A Cure for Cancer: The Cornelius Quartet 2 (The Eternal Champion) Paperback – March 1, 2016
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Social satire? Sure. Interesting sci-fi vignettes? Absolutely. Incisive glances at the sounds, styles, and feel of a parallel world subjectively based on a late-1960s London? You bet. But be warned that if you're looking for more than the faintest shred of plot to capture your interest, look elsewhere in the Eternal Champion multiverse. Perhaps ACFC is Moorcock's idea of what happens to a novel dipped in the primordial Chaos described in his other works.
I can appreciate what Moorcock is trying to get across. I even get a kick out of the *idea* of the novel's structure, in theory, anyway. However, it's difficult to actually enjoy a work in which a) every stitch of dialogue is so vague that, if you had no grasp of Moorcock's other works, the book would seem a nearly interminable string of highly stylish non sequiturs, and b) characters that live and (suddenly) die so guided by random chance and urges from the id that the joke pales early on. The chapter headlines culled from sensational tabloids did give me a chuckle, though.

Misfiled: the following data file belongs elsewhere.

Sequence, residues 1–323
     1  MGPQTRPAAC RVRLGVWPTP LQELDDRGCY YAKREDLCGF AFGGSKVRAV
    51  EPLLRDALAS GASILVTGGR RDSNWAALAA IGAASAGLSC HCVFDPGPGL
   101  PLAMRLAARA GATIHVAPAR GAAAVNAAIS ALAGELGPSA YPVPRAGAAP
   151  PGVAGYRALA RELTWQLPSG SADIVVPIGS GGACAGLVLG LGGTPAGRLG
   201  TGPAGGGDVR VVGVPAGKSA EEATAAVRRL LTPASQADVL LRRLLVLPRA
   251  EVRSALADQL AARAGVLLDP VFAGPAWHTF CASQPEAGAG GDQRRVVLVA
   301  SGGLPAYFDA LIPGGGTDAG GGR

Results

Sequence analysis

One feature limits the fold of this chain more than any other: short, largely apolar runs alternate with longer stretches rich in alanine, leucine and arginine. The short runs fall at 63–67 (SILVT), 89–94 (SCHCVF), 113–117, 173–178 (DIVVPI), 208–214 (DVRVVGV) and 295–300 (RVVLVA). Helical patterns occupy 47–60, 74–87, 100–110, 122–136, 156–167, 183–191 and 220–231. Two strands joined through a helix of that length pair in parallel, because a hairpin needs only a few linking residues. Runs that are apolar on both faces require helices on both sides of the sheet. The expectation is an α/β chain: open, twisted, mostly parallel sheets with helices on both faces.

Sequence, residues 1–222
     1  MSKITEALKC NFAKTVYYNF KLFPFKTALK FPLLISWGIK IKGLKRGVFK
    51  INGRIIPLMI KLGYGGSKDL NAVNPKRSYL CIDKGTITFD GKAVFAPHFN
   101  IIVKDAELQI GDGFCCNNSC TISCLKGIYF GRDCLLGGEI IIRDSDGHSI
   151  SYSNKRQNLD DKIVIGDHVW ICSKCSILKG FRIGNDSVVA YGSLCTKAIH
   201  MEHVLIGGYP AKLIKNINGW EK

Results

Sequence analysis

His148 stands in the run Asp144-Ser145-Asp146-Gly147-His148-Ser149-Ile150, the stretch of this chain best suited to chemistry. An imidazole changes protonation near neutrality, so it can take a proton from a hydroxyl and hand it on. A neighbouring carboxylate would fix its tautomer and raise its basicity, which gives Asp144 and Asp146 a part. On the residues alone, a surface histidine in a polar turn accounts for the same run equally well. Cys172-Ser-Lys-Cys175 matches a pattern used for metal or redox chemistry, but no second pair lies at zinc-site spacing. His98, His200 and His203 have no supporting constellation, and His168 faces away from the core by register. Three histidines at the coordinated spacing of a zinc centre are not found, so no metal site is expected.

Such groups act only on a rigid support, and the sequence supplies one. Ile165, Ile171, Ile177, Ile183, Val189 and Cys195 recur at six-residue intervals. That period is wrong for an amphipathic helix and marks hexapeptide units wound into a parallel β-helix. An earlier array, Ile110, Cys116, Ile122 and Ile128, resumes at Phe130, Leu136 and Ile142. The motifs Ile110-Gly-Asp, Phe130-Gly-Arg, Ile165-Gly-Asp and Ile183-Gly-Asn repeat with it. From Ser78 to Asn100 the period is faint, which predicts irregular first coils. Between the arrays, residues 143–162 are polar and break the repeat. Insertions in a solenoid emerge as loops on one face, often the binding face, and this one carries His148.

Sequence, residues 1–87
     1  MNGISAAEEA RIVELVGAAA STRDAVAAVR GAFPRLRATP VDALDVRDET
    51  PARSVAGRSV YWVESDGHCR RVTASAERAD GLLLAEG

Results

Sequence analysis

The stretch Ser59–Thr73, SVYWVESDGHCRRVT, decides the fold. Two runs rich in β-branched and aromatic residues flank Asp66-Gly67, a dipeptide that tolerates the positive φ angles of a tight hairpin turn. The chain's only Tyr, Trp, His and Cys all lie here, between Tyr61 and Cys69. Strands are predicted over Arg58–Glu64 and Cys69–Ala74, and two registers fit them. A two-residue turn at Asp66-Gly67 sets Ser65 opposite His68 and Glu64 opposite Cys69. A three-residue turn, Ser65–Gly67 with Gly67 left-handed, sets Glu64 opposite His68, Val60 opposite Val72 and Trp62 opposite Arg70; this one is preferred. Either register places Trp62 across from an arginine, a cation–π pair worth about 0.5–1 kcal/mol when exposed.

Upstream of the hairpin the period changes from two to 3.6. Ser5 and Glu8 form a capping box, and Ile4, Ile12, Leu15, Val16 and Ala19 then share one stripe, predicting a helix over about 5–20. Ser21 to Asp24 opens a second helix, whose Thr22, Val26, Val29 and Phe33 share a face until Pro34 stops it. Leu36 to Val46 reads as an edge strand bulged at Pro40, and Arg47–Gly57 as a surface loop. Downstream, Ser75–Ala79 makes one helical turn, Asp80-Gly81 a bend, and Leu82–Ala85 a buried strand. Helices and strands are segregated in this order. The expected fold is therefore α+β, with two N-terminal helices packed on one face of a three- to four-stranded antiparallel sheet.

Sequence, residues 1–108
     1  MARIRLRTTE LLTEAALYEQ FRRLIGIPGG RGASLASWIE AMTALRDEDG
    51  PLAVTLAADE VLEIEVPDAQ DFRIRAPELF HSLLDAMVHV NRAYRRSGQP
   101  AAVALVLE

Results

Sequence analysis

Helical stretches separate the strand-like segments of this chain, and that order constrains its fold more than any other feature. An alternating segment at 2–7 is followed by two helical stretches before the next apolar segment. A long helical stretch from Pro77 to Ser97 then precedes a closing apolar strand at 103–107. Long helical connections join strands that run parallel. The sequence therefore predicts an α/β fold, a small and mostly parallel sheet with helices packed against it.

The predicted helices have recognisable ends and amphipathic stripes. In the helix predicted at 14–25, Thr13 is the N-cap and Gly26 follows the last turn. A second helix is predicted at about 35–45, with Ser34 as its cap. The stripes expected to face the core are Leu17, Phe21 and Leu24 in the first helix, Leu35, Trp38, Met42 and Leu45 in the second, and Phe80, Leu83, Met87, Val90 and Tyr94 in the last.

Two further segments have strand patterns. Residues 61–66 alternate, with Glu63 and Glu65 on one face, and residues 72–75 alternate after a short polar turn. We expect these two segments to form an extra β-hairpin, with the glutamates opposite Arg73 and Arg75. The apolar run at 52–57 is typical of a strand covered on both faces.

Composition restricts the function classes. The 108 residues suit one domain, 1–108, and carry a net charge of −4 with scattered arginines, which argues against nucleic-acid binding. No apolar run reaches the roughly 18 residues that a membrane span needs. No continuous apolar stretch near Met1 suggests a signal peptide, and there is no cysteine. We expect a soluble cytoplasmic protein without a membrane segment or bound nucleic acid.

It's certainly possible that you may find great enjoyment and provocative thoughts aplenty in ACFC. You certainly will in other Moorcock novels. And if you're looking for the pinnacle of social satire in an "unconventional" novel, check out the far superior "Catch-22" by Joe Heller. But unless you're the type who relishes flipping through TV channels for hours on end in an altered state of consciousness, or tends to convince yourself after reading a work such as ACFC that your time was well spent and the emperor is indeed wearing clothes, don't waste your time. This patient is terminal.
This book, though often humourous, has a far more serious tone than its predecessor, and some very harsh satire. Targets include the irrelevence of the popular press and corruption within the Catholic Church.
The title refers to both a literal cure (as described in the section headings), and more importantly, to "Social Cancer" which is cured by Ethnic Cleansing. The image of hoardes of NATO helicopters napalming London, screaming "BURN OUT THE CANCER" will stay with you a long time.
Some people are certainly going to find it too weird, or too impenetrable to enjoy, I think, as it is by no means straightforward, but this is part of JC's appeal.